The character seen most often on screen is Tony Leung's Wen-ching. The fourth brother began ordinarily enough, but due to Leung's inability to speak Taiwanese or Mandarin convincingly, he was turned into a deaf-mute. What might have been perceived as a setback quickly morphed into a brilliant way to establish how coldhearted the ROC Administration was. Leung is among my favorite actors. He is a giant of Asian cinema and has appeared in numerous hits such as Infernal Affairs, In the Mood for Love, and Hero are just the tip of the iceberg. His limitations as an actor amount to very few and as Wen-ching he gives one of his finest performances. He brings heart, conviction, and raw power to the role. He leads the pack partially because it is the showiest part, but Hou never ceases to elicit unassuming turns from his cast as a unified whole. They disappear into their respective personas, lending sincerity and care to a touchy subject matter. Xin Shufen is mesmerizing as Hinomi, and she also provides a gentle voice-over sporadically throughout. Jack Kao is a tense swirl of emotions as Wen-leung, the brother battling insanity, and Wu Yi-fang is searing and thoughtful as Hinoe. These are nuanced, complex depictions, each handled with profundity and dedication.
Hinoe returns home with Hinomi after a getting injured by soldiers.
The elliptical narrative will initially be gauged as frustrating, but it results in an increasingly intelligent, sophisticated, and thought-provoking work. This basically means that Hou is making known all the information in a way that is not readily evident. That, in a nutshell, is what can be expected from Hou Hsiao-hsien as a director. A City of Sadness incorporates more dialogue than is normal for him, but this will be the case with such a massive scope, not to mention the amount of intricate characters. Communication is a key element in the film. Because the country was once controlled by Japan, you have multiple languages being spoken, five to be exact. This fact will not be recognized by everyone since subtitles are crucial to English-speaking viewers, but the disconnect of communication can be understood in other aspects of the plot: Wen-ching having to write down messages, Hinomi only being comfortable writing in her diary, or others using a translator. The point is that what one person thinks and what they end up saying can be different, confusing, and/or maddening to whoever is listening to them. This was a major issue at the time. With that in mind, you can grasp easier why the anger and hatred is heightened to a boiling point.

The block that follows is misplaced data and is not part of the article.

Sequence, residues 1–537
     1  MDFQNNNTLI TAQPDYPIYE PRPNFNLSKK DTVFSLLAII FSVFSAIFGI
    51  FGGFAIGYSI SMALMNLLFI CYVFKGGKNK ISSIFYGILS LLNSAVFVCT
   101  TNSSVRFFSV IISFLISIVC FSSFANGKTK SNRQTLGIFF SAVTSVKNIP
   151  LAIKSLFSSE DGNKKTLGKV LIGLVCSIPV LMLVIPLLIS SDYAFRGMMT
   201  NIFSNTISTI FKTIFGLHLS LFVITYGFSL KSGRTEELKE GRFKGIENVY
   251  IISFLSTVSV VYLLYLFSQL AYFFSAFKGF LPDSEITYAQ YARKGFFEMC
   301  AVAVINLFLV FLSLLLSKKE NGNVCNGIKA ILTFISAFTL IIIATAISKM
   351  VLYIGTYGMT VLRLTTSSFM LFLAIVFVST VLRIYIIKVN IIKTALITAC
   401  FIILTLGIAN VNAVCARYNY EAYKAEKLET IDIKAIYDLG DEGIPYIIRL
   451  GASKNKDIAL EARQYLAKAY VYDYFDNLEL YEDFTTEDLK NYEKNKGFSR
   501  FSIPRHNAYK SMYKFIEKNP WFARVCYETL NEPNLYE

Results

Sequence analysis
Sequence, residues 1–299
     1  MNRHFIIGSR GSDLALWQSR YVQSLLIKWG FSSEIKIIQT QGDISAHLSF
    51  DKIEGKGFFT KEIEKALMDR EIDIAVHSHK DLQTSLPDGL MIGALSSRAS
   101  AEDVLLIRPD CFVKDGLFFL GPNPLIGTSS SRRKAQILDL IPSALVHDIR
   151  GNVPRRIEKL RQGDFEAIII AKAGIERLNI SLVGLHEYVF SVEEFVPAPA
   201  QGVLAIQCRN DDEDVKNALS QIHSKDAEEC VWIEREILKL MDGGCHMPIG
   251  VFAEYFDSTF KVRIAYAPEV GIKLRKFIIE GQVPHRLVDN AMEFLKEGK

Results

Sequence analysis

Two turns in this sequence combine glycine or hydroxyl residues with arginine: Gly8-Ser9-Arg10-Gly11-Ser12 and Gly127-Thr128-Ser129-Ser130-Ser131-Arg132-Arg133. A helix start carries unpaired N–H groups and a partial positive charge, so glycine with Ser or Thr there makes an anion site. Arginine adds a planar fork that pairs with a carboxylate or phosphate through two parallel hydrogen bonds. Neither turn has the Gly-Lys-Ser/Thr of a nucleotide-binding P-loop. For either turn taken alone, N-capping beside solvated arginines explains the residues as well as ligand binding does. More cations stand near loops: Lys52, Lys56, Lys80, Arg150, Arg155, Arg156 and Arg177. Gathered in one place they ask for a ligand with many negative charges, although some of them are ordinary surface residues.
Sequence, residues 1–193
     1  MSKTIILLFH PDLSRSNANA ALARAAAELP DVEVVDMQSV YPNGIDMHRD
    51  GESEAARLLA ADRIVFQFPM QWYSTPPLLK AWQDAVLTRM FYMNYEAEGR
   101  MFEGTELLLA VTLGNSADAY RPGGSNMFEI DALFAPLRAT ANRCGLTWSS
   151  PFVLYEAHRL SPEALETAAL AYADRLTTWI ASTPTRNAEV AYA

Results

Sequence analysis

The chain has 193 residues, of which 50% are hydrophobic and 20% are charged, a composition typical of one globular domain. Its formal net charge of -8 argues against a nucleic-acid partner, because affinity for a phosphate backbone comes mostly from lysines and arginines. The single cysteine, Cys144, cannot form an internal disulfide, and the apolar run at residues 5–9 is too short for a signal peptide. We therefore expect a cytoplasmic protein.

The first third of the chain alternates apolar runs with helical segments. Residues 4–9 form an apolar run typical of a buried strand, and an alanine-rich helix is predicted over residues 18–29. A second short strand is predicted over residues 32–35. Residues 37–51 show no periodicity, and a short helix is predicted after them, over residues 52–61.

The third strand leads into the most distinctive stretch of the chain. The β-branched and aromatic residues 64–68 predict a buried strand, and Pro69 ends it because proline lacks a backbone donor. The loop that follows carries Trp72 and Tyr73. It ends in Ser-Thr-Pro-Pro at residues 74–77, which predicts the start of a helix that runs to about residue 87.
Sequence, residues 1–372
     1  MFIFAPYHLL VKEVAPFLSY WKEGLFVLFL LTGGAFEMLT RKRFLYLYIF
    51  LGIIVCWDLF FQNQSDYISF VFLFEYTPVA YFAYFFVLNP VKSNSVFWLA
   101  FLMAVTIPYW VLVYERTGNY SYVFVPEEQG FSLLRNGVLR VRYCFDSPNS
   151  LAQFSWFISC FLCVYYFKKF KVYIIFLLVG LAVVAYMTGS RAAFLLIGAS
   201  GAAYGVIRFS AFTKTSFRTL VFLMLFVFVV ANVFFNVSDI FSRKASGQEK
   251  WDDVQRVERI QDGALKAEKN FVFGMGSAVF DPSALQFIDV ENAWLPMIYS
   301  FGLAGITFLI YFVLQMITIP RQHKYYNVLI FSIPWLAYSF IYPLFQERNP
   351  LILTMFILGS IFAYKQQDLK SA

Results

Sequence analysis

Because the "White Terror" and 228 Incident were considered taboo at the time, audiences flocked to the theater to see this first telling of the events. The public was disappointed that the killings were only hinted at. This could have been a standard history lesson, taking the perspective of a soldier and explicitly presenting the horror. Hou aims to show the indirect consequences on this family, the truth that everyone was affected, all citizens. This is not about the political machinations or that turmoil. There are no heroes to be found and Hou does not manipulate or play to false sentiments. This is a portrait of real life. The balance and neutrality occurs from treating all events equally, whether it be the slaughter of thousands or the private mental instability of one Lin son. The deep-focus photography from Chen Huai-en helps that goal and is beautiful to behold. The score is dated with its synthesizers and penetrating bass, but nevertheless memorable and unobtrusive.
Aside from the unforgettable still photo at the conclusion, what stuck with me is how engaging the casual conversations were. Hou Hsiao-hsien never caters to the moviegoer, so details both important and seemingly insignificant emerge and fade away with the same enthusiasm or lack thereof if need be. One of my favorite sequences is close to the beginning as the brothers and friends chat about not knowing how to fly the Chinese flag correctly when they took over. Later another story compares the falling of Japanese cherry blossoms with suicide. A City of Sadness is filled with lingering exchanges and impactful moments similar to those. It is an impeccably constructed accomplishment that is appropriately restrained, compelling, and well worth revisiting.
Hou Hsiao-hsien is another filmmaker that will only get his time in the sun in North America if Criterion restores and releases the many classics on his resume. Until then, do not anticipate a DVD release. A City of Sadness would be the first installment of a trilogy of films about 20th century Taiwan. The others are The Puppetmaster and Good Men, Good Women. My introduction to Hou was Flight of the Red Balloon starring Juliette Binoche, but if you're curious, I also recommend Three Times and Cafe Lumiere (he shares many Ozu qualities as well). A City of Sadness took home many awards, including the Golden Lion at the Venice Film Festival. Since it was shot on location in Jiufen, it also revived the village as a tourist attraction. Apparently you can find cafes with the movie's title.
Final Rating = 10.0/10.0
Unfortunately I can only find fan made trailers, so this is the best I could do: